In Face of Budget Constraints, State and Local Governments Find Creative Ways to Fund Subsidized and Transitional Jobs Programs

Mar 07, 2013

By Elizabeth Lower-Basch

Subsidized and transitional jobs are a proven way to give unemployed workers the opportunity to earn wages, build skills, and connect to the labor market, while also giving businesses an incentive to hire new employees when they might not have been able to do so otherwise.  A variety of non-profit, social enterprise, and city and state public entities have operated transitional jobs and subsidized employment programs for almost 30 years.  Funding from the TANF Emergency Fund in 2009-2010, part of the American Recovery and Reinvestment Act (ARRA), enabled the operation of such programs at a larger scale, and in more places, than had previously occurred.  More than 260,000 individuals were placed in subsidized positions in 39 states and the District of Columbia.

No dedicated federal funding is currently available to support subsidized employment programs.  Any entity seeking to operate such a program must therefore creatively leverage and blend multiple sources of funding.  A number of cities and states have successfully done so, and a new paper from the National Transitional Jobs Network and CLASP illustrates those strategies and makes recommendations based on their success.  This paper was supported by the Annie E. Casey Foundation and the University of California at Berkeley as part of their Big Ideas for Jobs series.  In addition to highlighting the opportunities to use block grant funding, from both TANF and Community Services Block Grant (CSBG), the paper identifies efforts to fund these jobs by averting future expenses associated with prisons and other corrections measures and by leveraging public contracting and bidding opportunities.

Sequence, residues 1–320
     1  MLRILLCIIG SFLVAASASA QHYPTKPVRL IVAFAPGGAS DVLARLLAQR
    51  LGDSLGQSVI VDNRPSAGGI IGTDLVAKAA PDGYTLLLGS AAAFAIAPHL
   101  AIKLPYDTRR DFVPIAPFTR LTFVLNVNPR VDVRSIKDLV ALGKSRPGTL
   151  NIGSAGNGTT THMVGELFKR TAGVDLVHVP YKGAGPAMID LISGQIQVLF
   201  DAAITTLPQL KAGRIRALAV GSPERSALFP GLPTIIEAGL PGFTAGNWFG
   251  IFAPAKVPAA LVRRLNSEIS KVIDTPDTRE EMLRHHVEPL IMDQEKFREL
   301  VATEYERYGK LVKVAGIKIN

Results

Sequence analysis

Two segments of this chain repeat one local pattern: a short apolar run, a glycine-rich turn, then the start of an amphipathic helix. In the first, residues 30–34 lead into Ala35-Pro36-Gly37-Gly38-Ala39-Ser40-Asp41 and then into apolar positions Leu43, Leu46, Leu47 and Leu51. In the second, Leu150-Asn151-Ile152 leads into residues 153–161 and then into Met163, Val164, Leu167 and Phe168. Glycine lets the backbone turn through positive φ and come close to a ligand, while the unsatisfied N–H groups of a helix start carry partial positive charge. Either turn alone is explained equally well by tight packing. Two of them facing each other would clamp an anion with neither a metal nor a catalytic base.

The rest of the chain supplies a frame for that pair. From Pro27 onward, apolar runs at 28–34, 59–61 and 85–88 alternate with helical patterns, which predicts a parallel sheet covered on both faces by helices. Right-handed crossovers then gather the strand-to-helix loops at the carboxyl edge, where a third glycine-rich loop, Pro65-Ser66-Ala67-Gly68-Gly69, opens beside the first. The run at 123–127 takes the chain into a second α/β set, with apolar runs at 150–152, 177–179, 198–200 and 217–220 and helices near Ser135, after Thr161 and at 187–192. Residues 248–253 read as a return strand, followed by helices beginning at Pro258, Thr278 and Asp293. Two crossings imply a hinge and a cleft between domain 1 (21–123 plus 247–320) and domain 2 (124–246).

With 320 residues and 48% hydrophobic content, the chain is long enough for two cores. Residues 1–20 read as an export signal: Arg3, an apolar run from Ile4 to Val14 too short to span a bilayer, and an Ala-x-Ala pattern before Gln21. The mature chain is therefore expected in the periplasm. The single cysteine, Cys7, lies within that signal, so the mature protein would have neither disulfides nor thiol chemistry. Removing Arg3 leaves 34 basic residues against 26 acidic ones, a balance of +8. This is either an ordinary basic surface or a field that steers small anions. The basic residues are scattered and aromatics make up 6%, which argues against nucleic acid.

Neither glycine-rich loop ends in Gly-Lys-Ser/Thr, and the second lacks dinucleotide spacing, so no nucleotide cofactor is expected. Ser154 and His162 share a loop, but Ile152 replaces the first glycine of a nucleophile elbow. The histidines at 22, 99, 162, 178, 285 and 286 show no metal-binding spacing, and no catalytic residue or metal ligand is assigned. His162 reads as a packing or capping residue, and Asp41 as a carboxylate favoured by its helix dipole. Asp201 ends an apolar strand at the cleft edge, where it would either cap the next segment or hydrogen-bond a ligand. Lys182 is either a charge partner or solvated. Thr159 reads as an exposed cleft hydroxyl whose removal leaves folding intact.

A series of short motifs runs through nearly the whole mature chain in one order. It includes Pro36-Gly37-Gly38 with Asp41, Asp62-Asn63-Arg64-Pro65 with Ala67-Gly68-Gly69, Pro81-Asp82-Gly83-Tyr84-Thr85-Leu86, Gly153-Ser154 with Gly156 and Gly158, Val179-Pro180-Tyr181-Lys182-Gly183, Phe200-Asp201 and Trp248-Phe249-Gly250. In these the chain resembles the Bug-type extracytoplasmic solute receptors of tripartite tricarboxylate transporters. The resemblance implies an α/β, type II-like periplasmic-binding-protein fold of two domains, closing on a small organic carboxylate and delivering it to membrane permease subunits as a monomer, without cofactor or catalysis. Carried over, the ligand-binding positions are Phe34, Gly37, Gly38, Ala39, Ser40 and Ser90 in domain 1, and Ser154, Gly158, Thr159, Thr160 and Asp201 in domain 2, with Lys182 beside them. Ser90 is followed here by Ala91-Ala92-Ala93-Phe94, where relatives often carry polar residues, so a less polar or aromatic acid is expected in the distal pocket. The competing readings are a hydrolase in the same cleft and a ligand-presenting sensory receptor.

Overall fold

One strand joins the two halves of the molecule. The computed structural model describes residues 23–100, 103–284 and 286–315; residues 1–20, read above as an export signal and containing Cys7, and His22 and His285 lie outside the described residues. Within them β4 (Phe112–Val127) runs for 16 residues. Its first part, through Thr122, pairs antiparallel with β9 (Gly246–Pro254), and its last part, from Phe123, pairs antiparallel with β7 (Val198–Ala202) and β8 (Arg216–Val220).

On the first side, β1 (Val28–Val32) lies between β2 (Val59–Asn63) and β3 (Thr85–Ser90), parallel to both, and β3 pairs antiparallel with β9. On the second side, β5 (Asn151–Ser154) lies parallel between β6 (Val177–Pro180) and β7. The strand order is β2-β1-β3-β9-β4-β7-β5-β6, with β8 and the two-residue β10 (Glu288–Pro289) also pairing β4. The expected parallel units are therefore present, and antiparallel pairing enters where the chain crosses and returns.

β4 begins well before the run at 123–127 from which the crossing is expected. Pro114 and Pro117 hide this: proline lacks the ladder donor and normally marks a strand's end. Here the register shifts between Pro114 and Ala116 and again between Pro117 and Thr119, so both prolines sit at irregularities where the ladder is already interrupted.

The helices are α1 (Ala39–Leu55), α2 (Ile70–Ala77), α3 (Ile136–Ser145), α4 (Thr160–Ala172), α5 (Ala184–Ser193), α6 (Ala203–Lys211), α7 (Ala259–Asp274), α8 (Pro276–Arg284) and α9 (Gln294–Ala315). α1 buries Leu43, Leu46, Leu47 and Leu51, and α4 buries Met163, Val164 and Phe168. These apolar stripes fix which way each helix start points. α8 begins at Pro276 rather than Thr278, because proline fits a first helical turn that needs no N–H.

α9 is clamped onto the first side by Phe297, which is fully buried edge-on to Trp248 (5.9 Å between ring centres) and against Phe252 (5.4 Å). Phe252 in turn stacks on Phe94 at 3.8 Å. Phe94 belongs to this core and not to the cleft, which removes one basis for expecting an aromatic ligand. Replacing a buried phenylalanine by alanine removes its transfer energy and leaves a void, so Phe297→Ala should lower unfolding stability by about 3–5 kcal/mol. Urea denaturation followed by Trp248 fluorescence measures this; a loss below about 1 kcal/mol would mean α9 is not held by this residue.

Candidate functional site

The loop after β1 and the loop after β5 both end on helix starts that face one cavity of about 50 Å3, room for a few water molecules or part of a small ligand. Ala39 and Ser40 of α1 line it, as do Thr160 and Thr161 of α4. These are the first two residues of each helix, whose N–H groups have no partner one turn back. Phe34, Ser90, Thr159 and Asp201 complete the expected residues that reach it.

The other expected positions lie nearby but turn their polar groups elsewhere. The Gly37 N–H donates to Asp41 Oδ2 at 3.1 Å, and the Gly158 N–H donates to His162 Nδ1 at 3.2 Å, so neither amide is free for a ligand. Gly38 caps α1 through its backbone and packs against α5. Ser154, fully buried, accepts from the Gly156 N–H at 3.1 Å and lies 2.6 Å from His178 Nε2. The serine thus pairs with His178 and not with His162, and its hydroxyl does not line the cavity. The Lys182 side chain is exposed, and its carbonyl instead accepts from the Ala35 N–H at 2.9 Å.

One example highlighted in the paper is the Chicago transitional jobs program for formerly incarcerated individuals. This began as a pilot project in 2004, as part of a package of Ex-Offender Reentry Initiatives.   Based on its success, it was expanded in 2006, and received funding through the city of Chicago's Corporate Fund, which originates from corporate taxes as well as income from leasing public assets such as toll roads and parking meters. The city later chose to expand the program with CSBG funds that became available through ARRA to support neighborhood cleanup using transitional jobs (TJ) work crews.  When ARRA funding expired, the city decided to continue funding the project through its regular (non-ARRA) CSBG block grant.

CLASP still believes that the federal government should provide dedicated funds to support subsidized employment and transitional jobs programs, such as the Pathways Back to Work Fund. However, even if such funding does not materialize, state and local governments should not abandon the possibility of operating subsidized employment and transitional jobs programs.  Such programs can be funded through a range of mechanisms and have both short- and long-term benefits to participants and society.  

 

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